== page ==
A new study has found that e-waste can be recycled and made into a hard, protective new material. In general, a typical “recycling” approach is to translate a large number of items made of a single material, such as aluminum cans or glass bottles, into more. However, due to the complexity and diversity of the materials made, it is not feasible to separate different materials and remove hazardous materials for things like e-waste.
Although it is difficult to recycle, as things stand, e-waste has to be recycled. First, the amount of e-waste is increasing – a recent United Nations study found that in 2016, humans produced 44.7 million tons of e-waste worldwide; Moreover, many rare materials are present in e-waste, which are valuable resources.
Materials scientist Veena Sahajwalla says:
We’ve developed a one-off mentality, that is, when we use something until it’s damaged, we want not to repair it but to throw it straight away. Not in need of it, or no longer need or no longer want it, and then we get rid of it,” he further explains, “if we have unlimited resources and unlimited disposal space, this treatment is certainly not a problem, but the point is that this is not the case.”
Veena Sahajwalla co-founded the Centre for Sustainable Materials Research and Technology at the University of New South Wales, Sydney, Australia.
Previous studies have shown that by heating, the link between different materials in e-waste can be selectively broken and modified to create new environmentally friendly materials. For example, glass in electronic waste can be used for valuable silicon ceramics, while plastic parts are a good source of carbon.
Veena Sahajwalla stresses that there are many valuable elements in these wastes that can be converted into new products, which is exciting, as an example, in some e-wastes, such as printed circuit boards, containing 10 to 20 percent copper, while copper mines contain up to 3 percent.
In the new study, researchers delved into the properties of copper and silica compounds, which are often found on worn-out printed circuit boards and computer monitors. The researchers speculated that extracting the substances from e-waste could combine them to form a new, durable blend that could protect metal surfaces from corrosion and wear.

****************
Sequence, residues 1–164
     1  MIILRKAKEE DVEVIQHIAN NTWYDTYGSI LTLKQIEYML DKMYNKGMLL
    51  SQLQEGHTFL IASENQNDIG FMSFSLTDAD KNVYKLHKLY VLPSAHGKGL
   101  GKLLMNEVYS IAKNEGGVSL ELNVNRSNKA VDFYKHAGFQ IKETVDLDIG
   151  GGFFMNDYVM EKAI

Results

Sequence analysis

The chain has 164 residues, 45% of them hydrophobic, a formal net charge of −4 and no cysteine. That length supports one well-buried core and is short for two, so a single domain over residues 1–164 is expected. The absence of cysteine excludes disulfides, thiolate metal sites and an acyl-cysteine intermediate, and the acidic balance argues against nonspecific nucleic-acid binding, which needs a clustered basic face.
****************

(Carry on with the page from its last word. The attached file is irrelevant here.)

In specific experiments, the researchers first heated the plastic powder on the old computer monitor screen and housing to 1500 degrees Celsius, creating a silicon carbide wire 10 to 50 nanometers (one billionth of a meter) in diameter. Next, they combine the substance with copper recovered from the circuit board, place the mixture on the steel surface, and heat it to 1000 degrees Celsius. This step melts the copper, creating a 1 micron-thick film on the top of the steel. Moreover, the researchers stress that the width can be adjusted from micron to nanoscale.
In other words, the structural combination of different elements creates new performance that is superior to the respective master materials. For example, the toughness of the metal material is good, but the hardness is poor; After understanding the properties of the raw materials, by setting different temperatures, the two materials are cleverly combined to not only recycle valuable materials, but also create a new blend of ceramic hardness and metal-like toughness. Moreover, these materials can be collected entirely from e-waste, preventing these valuable resources from being buried in landfills.
The researchers found that the surface hardness of the steel was increased by 125 percent as a new type of micro-micron-thick substance was added. In addition, microscope images show that when the material is knocked, the hybrid layer remains firmly bound to the steel and does not break or peel easily.
Veena Sahajwalla says:
For a long time, humans have relied on mining to obtain the raw materials needed, but at the same time, large quantities of e-waste with rare metals have been abandoned in landfills. As a result, the dump may be a good place for us to “exploit” our resources in the future.